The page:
By Earl Ofari Hutchinson
The horrific murder of Jacqueline Avant, the wave of smash and grab thefts and the spike in homicides paint an almost apocalyptic picture of unhinged violence and chaos plaguing Los Angeles and other cities.
Fox News, conservative blogs, websites and much of the media have had a field day pointing the finger at so-called liberal district attorneys, local and state officials and timid cops for the rise.
But the biggest culprit, they say, is the defund the police cry by Black Lives Matter and other police reform activists. That is mostly self-serving bunkum.
The Avant murder and the smash and grab thefts are certainly cause for public concern and anger. However, murder and violent crime have been on a decades-long downward spiral since the 1990s. Los Angeles, for instance, had nearly 1,000 murders a year during those violent-prone years.
In 2020, there were 357. That was an increase over 2019, but it came nowhere near the figures three decades earlier in a city with a much smaller population.
There is no evidence that violent crime and smash and grab type thefts are on the rise in other cities. There’s also no evidence that reforms in bail and the increased release of prisoners have caused thousands of ex-offenders to run wild in the streets.
This is just another cynical way to cower and bully criminal justice reform advocates, particularly Los Angeles County District Attorney George Gascón into submission. The submission is to turn the clock back to the past policies of harsh prosecution, sentencing and convictions for petty, low-level offenders.
The price is a loss of civil liberties, constitutional policing, community policing and just plain common sense in dealing with non-violent offenders. They are the ones who still bulge America’s jails and prisons, bloat prison budgets by billions while doing absolutely nothing to make the streets any safer.
Conservatives have been chomping at the bit to blame crime spikes on their real target, Black Lives Matter. The blame goes like this. Let a white cop gun down a young Black, and civil rights leaders storm the protest barricades demanding arrests, prosecutions, and throw the book at em’ jail sentences for the man or woman with a badge accused of the slaying.
That is an idiotic charge. It deliberately ignores the fact that civil rights leaders and organizations have staged countless marches, rallies and walks against murder violence in Black neighborhoods. They have lobbied hard for tougher gun laws and enforcement and have lobbied business leaders and elected officials to radically boost spending on education, job training, drug counseling and diversion programs for young Blacks, and greater support programs for needy families.
Civil rights leaders have repeatedly made the point that protesting police abuse and misconduct is worlds apart from protesting the police. Communities must be safeguarded from crime, especially violent crime, and sound, lawful community-based policing is the answer.
The smash and grab thefts are sensationalism, and much of the media has played these thefts up to the hilt, giving a false impression that all stores are being vandalized by criminal gangs or at dire risk of such. The police supposedly are so hamstrung by the reformists that they are reluctant to do anything about it. This is more bunkum.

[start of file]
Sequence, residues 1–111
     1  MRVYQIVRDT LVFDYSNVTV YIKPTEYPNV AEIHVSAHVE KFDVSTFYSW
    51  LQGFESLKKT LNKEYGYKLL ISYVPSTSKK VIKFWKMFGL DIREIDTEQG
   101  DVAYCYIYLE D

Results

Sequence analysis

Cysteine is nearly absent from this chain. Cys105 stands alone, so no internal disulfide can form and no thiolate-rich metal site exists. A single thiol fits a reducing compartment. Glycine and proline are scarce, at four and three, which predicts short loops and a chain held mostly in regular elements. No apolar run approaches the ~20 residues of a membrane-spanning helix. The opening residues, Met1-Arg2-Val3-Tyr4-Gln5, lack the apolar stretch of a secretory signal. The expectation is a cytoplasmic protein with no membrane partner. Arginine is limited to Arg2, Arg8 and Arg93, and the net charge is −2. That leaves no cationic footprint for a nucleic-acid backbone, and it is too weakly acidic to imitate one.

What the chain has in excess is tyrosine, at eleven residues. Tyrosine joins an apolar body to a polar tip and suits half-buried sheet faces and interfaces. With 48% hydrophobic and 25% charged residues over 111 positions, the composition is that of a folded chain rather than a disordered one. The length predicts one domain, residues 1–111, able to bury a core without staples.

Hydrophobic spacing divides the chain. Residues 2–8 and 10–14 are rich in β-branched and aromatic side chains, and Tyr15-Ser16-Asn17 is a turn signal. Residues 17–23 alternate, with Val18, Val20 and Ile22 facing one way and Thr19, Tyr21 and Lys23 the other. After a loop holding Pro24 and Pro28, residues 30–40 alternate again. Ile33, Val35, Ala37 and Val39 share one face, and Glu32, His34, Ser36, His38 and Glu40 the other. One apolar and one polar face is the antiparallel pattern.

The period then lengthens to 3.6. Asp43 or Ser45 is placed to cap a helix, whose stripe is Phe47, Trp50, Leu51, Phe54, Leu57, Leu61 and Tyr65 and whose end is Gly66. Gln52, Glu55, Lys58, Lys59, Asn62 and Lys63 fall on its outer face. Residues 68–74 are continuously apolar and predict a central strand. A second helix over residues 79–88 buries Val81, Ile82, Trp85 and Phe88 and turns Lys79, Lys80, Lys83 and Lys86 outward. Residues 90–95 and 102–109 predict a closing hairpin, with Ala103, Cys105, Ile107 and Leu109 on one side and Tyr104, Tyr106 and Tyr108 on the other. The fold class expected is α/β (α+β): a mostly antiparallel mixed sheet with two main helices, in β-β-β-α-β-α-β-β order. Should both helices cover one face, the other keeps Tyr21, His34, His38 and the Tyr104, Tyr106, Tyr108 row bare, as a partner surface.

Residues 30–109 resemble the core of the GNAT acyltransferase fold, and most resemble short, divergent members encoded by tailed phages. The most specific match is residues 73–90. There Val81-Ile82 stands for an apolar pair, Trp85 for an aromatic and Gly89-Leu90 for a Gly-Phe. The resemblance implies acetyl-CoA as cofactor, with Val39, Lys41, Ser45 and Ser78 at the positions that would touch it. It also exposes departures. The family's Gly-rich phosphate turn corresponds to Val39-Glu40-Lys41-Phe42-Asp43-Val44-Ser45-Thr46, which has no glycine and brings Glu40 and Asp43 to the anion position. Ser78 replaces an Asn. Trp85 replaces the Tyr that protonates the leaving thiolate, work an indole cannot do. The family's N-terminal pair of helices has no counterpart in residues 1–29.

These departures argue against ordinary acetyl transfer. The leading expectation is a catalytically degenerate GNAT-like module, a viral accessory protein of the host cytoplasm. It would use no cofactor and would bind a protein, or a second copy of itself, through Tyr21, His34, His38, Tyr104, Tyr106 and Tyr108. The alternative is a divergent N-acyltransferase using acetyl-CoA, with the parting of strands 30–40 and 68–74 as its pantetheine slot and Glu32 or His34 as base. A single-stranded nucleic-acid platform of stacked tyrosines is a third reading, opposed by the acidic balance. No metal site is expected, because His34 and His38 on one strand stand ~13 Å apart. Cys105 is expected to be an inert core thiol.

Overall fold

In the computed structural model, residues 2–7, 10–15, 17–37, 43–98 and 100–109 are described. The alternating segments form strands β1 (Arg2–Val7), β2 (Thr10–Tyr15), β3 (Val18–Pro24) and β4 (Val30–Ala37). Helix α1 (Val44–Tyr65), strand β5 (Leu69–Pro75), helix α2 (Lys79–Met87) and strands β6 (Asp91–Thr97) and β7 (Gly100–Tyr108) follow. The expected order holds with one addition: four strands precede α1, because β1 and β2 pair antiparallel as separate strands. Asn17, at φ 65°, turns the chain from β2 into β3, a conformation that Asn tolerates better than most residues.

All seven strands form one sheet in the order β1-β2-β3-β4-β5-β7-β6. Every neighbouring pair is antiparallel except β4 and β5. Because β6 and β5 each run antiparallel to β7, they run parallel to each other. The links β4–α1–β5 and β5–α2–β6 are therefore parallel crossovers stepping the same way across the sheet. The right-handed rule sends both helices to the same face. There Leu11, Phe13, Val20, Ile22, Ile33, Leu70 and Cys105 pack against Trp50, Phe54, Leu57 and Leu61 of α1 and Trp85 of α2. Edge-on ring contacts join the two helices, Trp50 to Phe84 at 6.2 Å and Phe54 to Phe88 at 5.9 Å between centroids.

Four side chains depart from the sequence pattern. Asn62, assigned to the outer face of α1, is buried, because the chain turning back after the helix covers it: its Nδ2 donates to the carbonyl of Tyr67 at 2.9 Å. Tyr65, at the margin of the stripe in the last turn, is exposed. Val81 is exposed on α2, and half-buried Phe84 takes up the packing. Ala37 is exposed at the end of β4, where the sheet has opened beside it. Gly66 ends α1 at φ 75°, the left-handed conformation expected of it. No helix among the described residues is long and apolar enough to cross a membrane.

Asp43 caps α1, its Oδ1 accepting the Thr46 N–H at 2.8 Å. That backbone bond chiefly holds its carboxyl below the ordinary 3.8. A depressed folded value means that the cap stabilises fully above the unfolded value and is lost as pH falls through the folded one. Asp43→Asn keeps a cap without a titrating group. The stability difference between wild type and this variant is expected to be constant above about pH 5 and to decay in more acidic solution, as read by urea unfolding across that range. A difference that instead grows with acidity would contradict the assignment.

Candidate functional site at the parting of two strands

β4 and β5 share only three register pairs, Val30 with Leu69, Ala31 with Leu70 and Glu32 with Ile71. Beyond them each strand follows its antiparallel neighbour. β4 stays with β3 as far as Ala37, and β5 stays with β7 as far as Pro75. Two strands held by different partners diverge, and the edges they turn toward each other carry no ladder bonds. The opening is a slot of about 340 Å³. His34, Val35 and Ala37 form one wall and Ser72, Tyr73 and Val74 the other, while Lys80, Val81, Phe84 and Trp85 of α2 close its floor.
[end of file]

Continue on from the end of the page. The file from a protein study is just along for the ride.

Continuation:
The Los Angeles Police Department and other law enforcement agencies have made arrests. There are task forces to identify and arrest criminal gang members that pull off these thefts. This, of course, gets little media play. The public is left with the sense that officials are totally impotent in the face of the criminal threat.
The blame the victim shout has been the perfect rationale for the wild spending on and expansion of jails, and prisons. It spurred a massive ramp-up in spending on more police, judges and probation and parole officers.
It bludgeoned state and federal lawmakers into trying to outdo each other in shouting the loudest about getting tough on crime and torpedoing every sane and sensible initiative on crime reduction from expanded treatment to job and skills training programs. That also included attempts to scrap the blatantly race-tinged drug sentencing, three-strikes laws and the harsh sentences for non-violent offenders.
The prime reason that lawmakers have made some glacial movement toward pushing for a so-called “smart” approach to crime prevention is because of the skyrocketing and increasingly prohibitive cost of locking up tens of thousands of petty drug and non-violent offenders for years, if not decades. But even this movement toward more humane and cost-effective measures for dealing with crime is fragile, to say the least.
It still turns on public perceptions about crime. This tracks directly back to how the media plays up or sensationalizes violent crime. When that happens, it simply deepens public belief and fear that cities are lawless, violent, out-of-control killing zones. Notions of smart policing will always give way to draconian policing and sentencing, and perpetual crime fear and hysteria.
The Avant murder and smash and grab thefts are fearsome acts. Those who perpetrate those acts must be harshly punished, but not at the expense of creating fear and hysteria.
Earl Ofari Hutchinson is an author and political analyst. His forthcoming book is “Duped — The GOP’s Lock on America’s Underclass” (Middle Passage Press). He also is the host of the weekly Earl Ofari Hutchinson Show on KPFK 90.7 FM Los Angeles and the Pacifica Network Saturdays at 9 a.m.